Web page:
“Most of us would agree that King Tut and the other mummified ancient Egyptians are dead, and that you and I are alive. Somewhere in between these two states lies the moment of death. But where is that? The old standby — and not such a bad standard — is the stopping of the heart. But the stopping of a heart is anything but irreversible. We’ve seen hearts start up again on their own inside the body, outside the body, even in someone else’s body. Christian Barnard was the first to show us that a heart could stop in one body and be fired up in another.

As I went on to read it, I was intrigued by the concept of life residing in various parts of the human body, not just in the brain or heart: (Warning: this gets a little gory)

“What’s alive and what’s dead breaks down when we get above the cellular level,” Sorenson says. “Pathologists don’t feel comfortable that a brain is dead until the cell walls break down. True cell death is a daylong process.”

…Cell death is far removed from brain death. As shown, brain death can be declared when only a few brain cells have actually died. Cells in the remainder of the body are alive and kicking. Brain-dead patients being sustained as beating-heart cadavers are still supplying most of their body’s cells with blood and thus oxygen, so total cell death is nowhere in sight. Cell death begins in earnest when the heart stops beating and the lungs cease to breathe. No longer being pumped through the body, the blood will drain from the blood vessels at the top of the body and collect in the lower part. The upper body will become pale, the lower body turning much darker, looking bruised. This is livor mortis.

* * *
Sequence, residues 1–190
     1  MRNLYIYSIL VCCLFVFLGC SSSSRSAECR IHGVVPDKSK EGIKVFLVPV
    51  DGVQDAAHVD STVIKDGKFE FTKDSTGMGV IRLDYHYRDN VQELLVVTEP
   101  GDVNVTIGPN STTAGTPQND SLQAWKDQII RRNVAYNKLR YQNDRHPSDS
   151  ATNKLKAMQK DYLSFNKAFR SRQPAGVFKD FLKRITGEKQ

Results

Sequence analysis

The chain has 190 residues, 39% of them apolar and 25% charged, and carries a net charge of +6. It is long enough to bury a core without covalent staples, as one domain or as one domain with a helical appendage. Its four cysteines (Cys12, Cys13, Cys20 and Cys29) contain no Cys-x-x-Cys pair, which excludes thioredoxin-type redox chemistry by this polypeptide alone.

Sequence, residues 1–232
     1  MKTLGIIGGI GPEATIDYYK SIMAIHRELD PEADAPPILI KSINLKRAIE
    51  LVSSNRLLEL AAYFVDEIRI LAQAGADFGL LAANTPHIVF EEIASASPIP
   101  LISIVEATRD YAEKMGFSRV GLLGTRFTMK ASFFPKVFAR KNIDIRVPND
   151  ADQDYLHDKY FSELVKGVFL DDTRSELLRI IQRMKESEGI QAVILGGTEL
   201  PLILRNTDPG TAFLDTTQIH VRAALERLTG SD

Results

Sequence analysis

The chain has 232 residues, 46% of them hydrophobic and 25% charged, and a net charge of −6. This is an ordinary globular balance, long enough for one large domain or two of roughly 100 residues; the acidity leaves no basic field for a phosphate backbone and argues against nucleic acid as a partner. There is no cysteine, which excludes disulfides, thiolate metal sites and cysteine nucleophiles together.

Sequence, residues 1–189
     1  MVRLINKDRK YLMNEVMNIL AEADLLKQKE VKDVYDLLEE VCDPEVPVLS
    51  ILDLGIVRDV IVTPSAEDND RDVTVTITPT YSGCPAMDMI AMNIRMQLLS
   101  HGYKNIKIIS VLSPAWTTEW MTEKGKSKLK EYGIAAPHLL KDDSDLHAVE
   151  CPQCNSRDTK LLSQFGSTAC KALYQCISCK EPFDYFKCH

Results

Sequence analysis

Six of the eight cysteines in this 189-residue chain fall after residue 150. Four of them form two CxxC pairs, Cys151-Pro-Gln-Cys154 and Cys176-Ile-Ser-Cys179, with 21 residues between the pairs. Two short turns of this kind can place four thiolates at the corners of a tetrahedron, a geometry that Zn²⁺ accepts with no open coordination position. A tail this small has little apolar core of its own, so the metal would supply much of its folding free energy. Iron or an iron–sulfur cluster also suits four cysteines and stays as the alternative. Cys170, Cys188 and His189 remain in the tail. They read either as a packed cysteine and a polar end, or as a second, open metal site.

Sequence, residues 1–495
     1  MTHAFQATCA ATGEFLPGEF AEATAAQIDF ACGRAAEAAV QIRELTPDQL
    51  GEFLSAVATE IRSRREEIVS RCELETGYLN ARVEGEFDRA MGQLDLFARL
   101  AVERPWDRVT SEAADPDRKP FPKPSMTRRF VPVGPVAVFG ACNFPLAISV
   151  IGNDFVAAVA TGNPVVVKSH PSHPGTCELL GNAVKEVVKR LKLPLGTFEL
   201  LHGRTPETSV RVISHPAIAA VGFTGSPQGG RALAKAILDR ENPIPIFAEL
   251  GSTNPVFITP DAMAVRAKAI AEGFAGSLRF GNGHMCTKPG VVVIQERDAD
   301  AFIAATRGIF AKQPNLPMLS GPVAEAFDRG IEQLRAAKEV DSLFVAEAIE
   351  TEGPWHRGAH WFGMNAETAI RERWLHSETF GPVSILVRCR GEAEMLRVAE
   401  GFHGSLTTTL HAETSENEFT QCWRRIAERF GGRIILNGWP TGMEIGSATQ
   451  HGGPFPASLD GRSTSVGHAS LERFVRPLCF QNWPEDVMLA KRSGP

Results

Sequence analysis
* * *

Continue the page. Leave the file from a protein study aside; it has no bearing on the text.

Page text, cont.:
Even at this point, however, most cells are still not dead. After the heart stops, brain cells will die in a few minutes. Muscle cells can hold on for several hours, and skin and bone cells can stay alive for days. Cells switch from aerobic (with oxygen) respiration to anaerobic (without oxygen) when the blood stops circulating. A by-product of anaerobic respiration is lactic acid, which is what makes your arm muscles hurt during arm wrestling or your legs hurt during a hard run. When you are alive, your blood flow clears out the acid, but in a dead person the body stiffens. This is rigor mortis. Rigor mortis usually begins about three hours after the heart stops and lasts thirty-six hours. Eventually all of the cells die. After rigor mortis come initial decay, putrefaction, black putrefaction, and butyric fermentation. Somewhere in these processes — taking as long as a year, depending on the conditions and the weather — is a moment of death. Where that is may be impossible to determine.